Appeal from judgments of Court of Quarter Sessions of York County, May T., 1967, No. 67, in case of Commonwealth of Pennsylvania v. Harry Lee McMillion et al.
Donald L. Reihart, Public Defender, for appellant.
John T. Miller, First Assistant District Attorney, with him John F. Rauhauser, Jr., District Attorney, for Commonwealth, appellee.
Wright, P. J., Watkins, Montgomery, Jacobs, Hoffman, Spaulding, and Cercone, JJ. Opinion by Watkins, J.
[ 215 Pa. Super. Page 308]
These appeals are from the judgment of sentence of the Court of Quarter Sessions of York County after a trial by jury and convictions on two counts of burglary and larceny.
It appears that on May 3, 1967, in early daylight, three men broke the plate glass window of a jewelry store in the City of York, Pennsylvania, scooped out some jewelry and fled. On May 13, 1967, at about the same time of day, three men smashed the window of another jewelry store, scooped out some jewelry and fled. The two appellants were apprehended a short time after the second occurrence, but the third man has not been found.
Both of the above occurrences were observed by the same eyewitness who later identified the defendants in a cell at police headquarters, at the preliminary hearing and at the trial, and observed the offenders for about an hour at the time of the second occurrence.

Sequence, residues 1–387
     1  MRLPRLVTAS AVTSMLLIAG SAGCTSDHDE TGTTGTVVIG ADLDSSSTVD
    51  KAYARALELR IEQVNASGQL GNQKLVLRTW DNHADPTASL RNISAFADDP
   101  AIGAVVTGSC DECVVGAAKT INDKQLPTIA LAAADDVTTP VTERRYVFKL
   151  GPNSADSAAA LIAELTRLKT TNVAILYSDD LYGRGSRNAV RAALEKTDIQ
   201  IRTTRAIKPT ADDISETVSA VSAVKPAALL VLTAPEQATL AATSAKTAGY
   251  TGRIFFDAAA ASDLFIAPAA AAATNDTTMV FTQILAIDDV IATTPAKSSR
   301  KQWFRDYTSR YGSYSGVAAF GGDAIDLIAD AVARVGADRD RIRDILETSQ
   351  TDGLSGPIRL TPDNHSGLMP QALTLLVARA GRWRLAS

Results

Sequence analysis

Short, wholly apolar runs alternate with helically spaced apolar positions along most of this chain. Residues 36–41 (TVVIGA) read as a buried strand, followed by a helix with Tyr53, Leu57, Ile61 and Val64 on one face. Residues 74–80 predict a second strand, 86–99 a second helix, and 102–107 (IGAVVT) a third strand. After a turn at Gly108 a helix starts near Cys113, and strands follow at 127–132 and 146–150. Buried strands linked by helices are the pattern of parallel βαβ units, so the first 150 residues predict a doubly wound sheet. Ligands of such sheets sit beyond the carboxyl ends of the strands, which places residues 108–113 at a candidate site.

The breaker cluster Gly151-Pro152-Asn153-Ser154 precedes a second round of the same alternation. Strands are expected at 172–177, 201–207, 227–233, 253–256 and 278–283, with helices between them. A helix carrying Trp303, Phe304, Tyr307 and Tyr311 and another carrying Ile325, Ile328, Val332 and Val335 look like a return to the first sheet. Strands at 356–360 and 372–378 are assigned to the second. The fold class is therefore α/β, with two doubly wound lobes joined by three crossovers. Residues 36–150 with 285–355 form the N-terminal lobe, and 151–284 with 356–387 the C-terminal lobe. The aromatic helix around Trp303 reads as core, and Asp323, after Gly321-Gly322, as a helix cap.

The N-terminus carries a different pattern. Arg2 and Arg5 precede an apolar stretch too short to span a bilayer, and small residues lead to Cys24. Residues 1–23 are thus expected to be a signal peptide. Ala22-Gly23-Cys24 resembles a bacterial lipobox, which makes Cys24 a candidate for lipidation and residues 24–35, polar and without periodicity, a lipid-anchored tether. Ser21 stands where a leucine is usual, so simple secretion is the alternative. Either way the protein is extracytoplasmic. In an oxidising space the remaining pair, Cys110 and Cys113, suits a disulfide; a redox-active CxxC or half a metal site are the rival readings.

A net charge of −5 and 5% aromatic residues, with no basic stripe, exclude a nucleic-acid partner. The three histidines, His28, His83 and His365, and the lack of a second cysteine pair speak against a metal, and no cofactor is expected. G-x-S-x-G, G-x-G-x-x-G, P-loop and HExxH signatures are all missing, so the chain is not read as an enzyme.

Appellants contend the court below erred by permitting identification testimony to be introduced in evidence over objection and that it violated due process of law.
This case is not controlled by U. S. v. Wade, 388 U.S. 218 (1967), nor Gilbert v. California, 388 U.S. 263 (1967), since they are not to be applied retroactively. The guidelines set forth in Stovall v. Denno, 388 U.S. 293 (1967), do apply and were met in this case. The court held a separate hearing with regard to the identification testimony and the record clearly indicates the identification was based upon observation of the defendants at the time of the occurrences.
[ 215 Pa. Super. Page 309]
Appellants also contend that the participation by the trial court in the questioning of witnesses deprived the appellants of a fair and impartial trial. We find no merit in this. The court here merely attempted to clear up possible confusion in the minds of the jury.
The appellants also contend the court below committed basic error in its charge to the jury. ...